One day I had a visitor--a carpenter. I called him earlier in the week and arranged for him to stop by and do some work around my house. When he got to my house that day, it was early in the morning and the sun was just rising over the horizon. The darkness of night was giving way to the breaking of the dawn. An awareness of the new day was introduced into the consciousness of a world awaking from slumber. This man, unknown to most, had shown up to worked in the dawn of this new day. He was a builder, a fixer and maker of things. I watched this man as he entered my house, and I noticed a few things about him. I guess what struck me most was the fact that he didn't seem to be in a hurry. He took his time he was slow and deliberate in the way that he move and carried himself. After the introduction I show him around and what needed to be done. And to my amazement he sat down at my kitchen table and begin to drink the coffee he had brought in with him. With each sip he began to process all that he had seen and had been told. Taking in and assessing what had been asked of him to do. He evaluated what resources were available to him and defined what the desired outcome was to be.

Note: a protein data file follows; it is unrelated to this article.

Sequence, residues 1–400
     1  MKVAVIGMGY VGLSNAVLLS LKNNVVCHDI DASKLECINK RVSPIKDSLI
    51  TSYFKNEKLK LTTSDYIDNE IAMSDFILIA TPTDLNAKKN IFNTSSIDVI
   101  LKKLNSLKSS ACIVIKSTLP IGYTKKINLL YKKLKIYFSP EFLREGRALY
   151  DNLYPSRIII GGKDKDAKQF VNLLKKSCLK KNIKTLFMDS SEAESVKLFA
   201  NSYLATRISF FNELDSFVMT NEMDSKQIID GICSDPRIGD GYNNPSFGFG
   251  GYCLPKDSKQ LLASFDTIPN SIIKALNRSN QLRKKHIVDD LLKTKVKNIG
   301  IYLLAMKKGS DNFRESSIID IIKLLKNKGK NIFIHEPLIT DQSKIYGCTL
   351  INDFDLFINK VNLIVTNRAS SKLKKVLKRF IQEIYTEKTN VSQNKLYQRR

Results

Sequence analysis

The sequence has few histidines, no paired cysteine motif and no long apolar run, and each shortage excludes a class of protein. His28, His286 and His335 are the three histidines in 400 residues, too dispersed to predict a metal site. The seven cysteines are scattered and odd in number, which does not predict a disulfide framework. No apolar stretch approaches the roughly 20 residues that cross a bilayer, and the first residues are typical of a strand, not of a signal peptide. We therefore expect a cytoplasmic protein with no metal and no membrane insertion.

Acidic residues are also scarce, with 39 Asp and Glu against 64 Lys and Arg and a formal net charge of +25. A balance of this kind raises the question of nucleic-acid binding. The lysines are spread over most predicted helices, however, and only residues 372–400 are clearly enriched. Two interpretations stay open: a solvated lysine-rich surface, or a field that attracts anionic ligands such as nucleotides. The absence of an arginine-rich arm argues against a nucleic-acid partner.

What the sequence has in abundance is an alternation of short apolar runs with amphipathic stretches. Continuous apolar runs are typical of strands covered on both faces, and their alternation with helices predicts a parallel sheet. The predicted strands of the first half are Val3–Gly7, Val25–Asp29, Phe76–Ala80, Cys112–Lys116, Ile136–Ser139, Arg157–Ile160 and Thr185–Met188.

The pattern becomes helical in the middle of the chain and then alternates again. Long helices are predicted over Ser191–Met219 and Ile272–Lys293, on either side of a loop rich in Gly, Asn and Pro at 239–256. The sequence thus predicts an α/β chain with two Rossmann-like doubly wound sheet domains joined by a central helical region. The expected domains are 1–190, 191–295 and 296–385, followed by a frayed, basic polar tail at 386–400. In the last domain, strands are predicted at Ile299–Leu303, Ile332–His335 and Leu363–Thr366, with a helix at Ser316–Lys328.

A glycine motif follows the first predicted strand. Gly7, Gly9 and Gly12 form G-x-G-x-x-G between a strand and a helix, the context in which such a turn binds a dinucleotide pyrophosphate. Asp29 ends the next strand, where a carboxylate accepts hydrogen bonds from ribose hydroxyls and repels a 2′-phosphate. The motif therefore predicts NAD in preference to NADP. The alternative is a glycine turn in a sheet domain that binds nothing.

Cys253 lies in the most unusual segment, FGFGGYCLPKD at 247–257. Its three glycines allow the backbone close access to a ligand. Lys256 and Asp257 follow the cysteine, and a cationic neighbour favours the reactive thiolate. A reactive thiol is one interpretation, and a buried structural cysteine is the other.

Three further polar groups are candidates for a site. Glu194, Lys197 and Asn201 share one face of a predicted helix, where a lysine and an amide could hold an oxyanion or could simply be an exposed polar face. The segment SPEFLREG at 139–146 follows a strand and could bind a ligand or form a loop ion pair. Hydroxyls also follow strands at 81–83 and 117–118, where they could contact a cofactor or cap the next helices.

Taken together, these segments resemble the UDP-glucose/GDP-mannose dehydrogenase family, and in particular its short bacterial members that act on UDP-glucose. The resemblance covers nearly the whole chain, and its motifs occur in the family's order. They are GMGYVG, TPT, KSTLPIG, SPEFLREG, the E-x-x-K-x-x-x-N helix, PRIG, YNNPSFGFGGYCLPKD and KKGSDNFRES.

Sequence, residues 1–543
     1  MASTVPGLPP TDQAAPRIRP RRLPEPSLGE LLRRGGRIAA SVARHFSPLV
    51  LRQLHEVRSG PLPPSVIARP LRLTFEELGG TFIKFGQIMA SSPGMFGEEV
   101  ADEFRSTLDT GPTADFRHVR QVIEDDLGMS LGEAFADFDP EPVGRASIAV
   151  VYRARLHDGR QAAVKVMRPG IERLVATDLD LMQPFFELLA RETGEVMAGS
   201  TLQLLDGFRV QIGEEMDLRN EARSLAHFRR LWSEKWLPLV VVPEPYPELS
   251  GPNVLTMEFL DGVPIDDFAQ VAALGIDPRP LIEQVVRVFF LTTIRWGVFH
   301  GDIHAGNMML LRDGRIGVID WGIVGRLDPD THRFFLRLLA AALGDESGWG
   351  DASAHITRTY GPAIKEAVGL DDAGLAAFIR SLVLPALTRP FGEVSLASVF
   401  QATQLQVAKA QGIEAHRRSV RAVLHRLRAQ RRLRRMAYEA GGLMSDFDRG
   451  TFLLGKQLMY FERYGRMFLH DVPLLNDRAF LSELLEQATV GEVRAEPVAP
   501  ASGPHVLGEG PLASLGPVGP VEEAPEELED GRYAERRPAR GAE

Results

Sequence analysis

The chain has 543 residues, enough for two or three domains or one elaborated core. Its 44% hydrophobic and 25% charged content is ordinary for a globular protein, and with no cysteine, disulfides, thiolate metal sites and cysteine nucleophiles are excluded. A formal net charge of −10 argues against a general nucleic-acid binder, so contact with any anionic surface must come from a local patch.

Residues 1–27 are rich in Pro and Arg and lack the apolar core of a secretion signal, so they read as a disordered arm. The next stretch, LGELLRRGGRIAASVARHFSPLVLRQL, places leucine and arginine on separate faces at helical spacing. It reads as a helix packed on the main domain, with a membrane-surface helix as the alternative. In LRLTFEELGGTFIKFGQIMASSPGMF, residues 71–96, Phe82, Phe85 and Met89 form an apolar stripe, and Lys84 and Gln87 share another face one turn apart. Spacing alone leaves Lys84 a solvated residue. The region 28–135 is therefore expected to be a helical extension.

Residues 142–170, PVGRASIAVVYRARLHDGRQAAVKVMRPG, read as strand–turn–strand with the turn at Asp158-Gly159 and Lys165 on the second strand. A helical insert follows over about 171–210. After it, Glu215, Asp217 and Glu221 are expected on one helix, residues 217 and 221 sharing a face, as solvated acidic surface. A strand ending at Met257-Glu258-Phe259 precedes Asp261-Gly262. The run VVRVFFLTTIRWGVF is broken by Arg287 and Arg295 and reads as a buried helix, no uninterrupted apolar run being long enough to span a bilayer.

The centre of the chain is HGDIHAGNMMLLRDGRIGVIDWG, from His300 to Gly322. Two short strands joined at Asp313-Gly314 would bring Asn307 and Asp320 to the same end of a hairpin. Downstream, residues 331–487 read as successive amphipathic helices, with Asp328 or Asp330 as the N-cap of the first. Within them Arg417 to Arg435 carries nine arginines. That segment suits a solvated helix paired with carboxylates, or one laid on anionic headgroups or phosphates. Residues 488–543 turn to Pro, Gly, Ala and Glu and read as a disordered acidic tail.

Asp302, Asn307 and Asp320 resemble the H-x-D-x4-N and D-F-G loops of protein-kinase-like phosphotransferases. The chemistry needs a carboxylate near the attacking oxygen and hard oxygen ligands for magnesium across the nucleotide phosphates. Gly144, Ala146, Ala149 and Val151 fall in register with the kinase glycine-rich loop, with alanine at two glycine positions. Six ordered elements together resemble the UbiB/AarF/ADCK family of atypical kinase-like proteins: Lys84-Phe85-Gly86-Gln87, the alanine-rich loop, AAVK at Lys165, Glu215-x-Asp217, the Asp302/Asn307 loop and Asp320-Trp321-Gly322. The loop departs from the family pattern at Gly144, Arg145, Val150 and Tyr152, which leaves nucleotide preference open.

His eyes, his mind, and his past experiences were the first tools used. He did not make an attempt to start without fully understanding what was being asked of him. He did not hurry, he was not rushed. I noticed in that instance how important that first step was: in pausing and evaluating he ensured that his time, energy, and effort were not wasted, but would be utilized in the most efficient and productive manner. He did not rush. As he sat there I watched his face I could see the many expressions that accompanied his thoughts. I could almost hear the questions being explored in his mind. Ideas were being analyzed, and solutions were found and in that moment of time. All the unseen possibilities played out in the arena of the carpenter's mind.
"Measure twice and cut once" I heard my mind say. How much wood and labor did it cost to come up with that phrase? I thought. But this guy-- he was something. With paper and pen in his hand he calculated the risks before they became costly.
As I turned my attention back to my guest as he was finishing up his coffee. "I am ready now to begin". And begin he did. He was creative and not afraid of a little hard work. He worked like his reputation was at stake, with his heart, his hands, and his very soul. Later that day, when the project gloriously completed, I thank him and paid him for his serves and he walked out the door.
And I thought to myself about the Carpenter's Way. "Don't hurry, don't rush. Sit down and take the time to think about it and then begin. Then work with in confidence with all your body, heart, mind and soul."